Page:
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Brazil caimans fight to survive in polluted Rio waters

Brazil caimans fight to survive in polluted Rio waters

International Desk

Intrepid as Crocodile Dundee, Brazilian biologist Ricardo Freitas catches a caiman in the dark of night with a snare pole, then hoists it into his small wooden boat.

Unfazed by the reptile's sharp teeth, he grabs it by the snout and wraps a black band around its muzzle to examine it without getting bitten.

The 1.5-meter (five-foot) caiman is right at home in the lagoon waters of Jacarepagua, a vast, urban district on Rio de Janeiro's west side whose name means "Valley of the Caimans" in the Tupi-Guarani Indigenous language.

Despite the name, there is little trace in Jacarepagua these days of verdant valley or tropical forest: it is increasingly a concrete jungle, with upmarket high-rises surrounding the lagoon and tens of thousands of residents' waste water emptying into it.

Freitas's boat floats on the foul-smelling water directly in front of the sprawling Olympic village from the 2016 Rio Games.

The 44-year-old biologist fears for the future of this ancient species in a world of rampant urbanization: "They're threatened with extinction," he says.

- Swallowed trash and condoms -
Freitas estimates the region is home to around 5,000 broad-snouted caimans (Caiman latirostris).

The largest grow to more than three meters long.

One major threat to their survival: 85 percent of the specimens he examines are males, an imbalance he blames on pollution.

"Caimans are laying their eggs in extremely polluted areas, where the water temperature is higher. That makes it more likely the offspring will be males," he says.

"It's a species where sex is determined by the incubation temperature of the eggs... Here, the water is a lot warmer because of all the decomposing materials."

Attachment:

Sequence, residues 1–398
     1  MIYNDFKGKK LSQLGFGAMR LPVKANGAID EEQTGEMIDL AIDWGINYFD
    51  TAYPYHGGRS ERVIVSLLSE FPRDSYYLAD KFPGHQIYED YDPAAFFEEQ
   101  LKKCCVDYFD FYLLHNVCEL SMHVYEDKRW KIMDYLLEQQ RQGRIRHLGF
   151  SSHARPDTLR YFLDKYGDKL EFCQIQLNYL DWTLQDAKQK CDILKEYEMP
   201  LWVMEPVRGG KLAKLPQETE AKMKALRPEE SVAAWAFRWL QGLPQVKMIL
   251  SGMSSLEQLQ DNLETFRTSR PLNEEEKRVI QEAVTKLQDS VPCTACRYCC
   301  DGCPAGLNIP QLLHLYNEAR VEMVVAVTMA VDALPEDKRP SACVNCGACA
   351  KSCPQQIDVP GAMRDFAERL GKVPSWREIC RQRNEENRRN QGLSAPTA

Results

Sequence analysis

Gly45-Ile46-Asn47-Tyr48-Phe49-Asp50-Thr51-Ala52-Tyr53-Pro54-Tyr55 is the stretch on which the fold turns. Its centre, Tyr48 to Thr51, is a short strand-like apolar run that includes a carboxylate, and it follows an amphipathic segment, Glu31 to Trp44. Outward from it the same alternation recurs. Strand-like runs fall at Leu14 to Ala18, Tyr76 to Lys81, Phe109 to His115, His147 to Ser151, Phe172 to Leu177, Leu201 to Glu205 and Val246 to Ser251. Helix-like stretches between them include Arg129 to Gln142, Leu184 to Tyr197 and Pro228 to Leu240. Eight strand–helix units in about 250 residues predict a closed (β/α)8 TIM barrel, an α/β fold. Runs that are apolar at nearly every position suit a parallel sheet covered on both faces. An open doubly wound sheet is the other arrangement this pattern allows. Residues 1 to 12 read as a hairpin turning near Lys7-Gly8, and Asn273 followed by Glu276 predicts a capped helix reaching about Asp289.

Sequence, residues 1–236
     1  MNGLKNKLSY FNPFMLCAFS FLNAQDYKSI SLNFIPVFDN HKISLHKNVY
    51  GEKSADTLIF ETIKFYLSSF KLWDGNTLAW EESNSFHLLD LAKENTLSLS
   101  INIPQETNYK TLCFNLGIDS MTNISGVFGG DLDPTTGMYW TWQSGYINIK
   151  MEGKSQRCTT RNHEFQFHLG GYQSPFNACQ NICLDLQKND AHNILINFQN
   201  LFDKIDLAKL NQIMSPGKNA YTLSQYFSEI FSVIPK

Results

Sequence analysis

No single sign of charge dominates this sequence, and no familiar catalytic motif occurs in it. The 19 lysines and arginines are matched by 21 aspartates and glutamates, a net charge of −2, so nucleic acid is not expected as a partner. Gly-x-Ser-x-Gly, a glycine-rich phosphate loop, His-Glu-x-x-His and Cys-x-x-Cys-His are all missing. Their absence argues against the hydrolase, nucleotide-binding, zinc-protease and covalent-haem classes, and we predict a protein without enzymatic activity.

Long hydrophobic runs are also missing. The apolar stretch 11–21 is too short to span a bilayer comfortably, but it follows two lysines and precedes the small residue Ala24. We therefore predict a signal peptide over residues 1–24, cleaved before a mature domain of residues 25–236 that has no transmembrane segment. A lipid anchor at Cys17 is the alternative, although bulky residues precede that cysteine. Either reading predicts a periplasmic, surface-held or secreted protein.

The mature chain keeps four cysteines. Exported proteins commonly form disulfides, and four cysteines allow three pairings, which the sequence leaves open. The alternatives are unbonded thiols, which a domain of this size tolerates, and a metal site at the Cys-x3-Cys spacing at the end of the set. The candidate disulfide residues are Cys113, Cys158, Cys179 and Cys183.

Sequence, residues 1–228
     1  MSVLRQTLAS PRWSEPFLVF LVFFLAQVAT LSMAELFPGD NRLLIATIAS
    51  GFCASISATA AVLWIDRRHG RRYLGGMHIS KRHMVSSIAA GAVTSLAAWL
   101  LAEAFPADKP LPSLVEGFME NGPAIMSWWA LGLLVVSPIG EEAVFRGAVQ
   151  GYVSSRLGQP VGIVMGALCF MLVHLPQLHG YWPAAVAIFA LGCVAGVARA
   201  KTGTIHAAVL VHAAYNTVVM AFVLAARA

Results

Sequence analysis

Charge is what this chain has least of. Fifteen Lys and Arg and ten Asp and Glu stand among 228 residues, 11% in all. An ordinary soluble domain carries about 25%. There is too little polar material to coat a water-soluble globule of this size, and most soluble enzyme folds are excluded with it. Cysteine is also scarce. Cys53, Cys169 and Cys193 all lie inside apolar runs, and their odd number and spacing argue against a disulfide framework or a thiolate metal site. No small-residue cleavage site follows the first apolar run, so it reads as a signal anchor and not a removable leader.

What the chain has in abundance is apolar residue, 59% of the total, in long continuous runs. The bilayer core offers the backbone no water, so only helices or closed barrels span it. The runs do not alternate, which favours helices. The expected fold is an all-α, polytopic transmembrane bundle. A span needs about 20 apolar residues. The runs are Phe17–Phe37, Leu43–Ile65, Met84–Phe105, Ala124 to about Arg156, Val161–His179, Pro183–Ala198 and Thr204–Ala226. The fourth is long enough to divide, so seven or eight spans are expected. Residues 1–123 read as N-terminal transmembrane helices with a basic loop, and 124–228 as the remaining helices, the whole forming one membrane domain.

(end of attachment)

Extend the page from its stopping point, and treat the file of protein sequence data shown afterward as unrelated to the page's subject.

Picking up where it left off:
That threatens the entire ecosystem, not just the caimans, he adds.

"Since (caimans) are at the top of the food chain, they are key to maintaining equilibrium between species. Without caimans, the area's biodiversity would be completely compromised."

Freitas, who has a PhD in ecology, has been studying these waters for more than 20 years.

The head of a small conservation group called the Jacare Institute, he has captured and logged data on more than 1,000 caimans.

Aboard his boat, he weighs, measures and takes scale samples from the reptiles to analyze them for levels of contamination from lead, mercury and other heavy metals.

He also pumps their stomachs to see what they have been eating.

"I've found all kinds of waste: plastic bags, pieces of cans, bottle caps, even condoms," he says.

- 'State of abandonment' -
Rampant urbanization has steadily reduced the caimans' native habitat, drawing them into polluted residential areas in search of food.

In a canal through the Terreirao, a working-class neighborhood, caimans are literally swimming in refuse.

One peeks out just its snout through a carpet of waste in the water, including a dismembered doll and a deflated football.

"It's sad to see them in the middle of all this pollution. It's a little scary to live so close to them, but they almost never leave the water," says 34-year-old resident Regina Carvalho, a preschool assistant.

When the canal floods, locals sometimes find themselves nose to nose with the wild animals.

But shopkeeper Alex Ribeiro, 58, says he has "never heard any talk of attacks."

"Everything is in a state of abandonment here, with makeshift sewage pipes from people's houses emptying into the canal," he says.

"You can imagine the level of pollution the caimans are exposed to."

 

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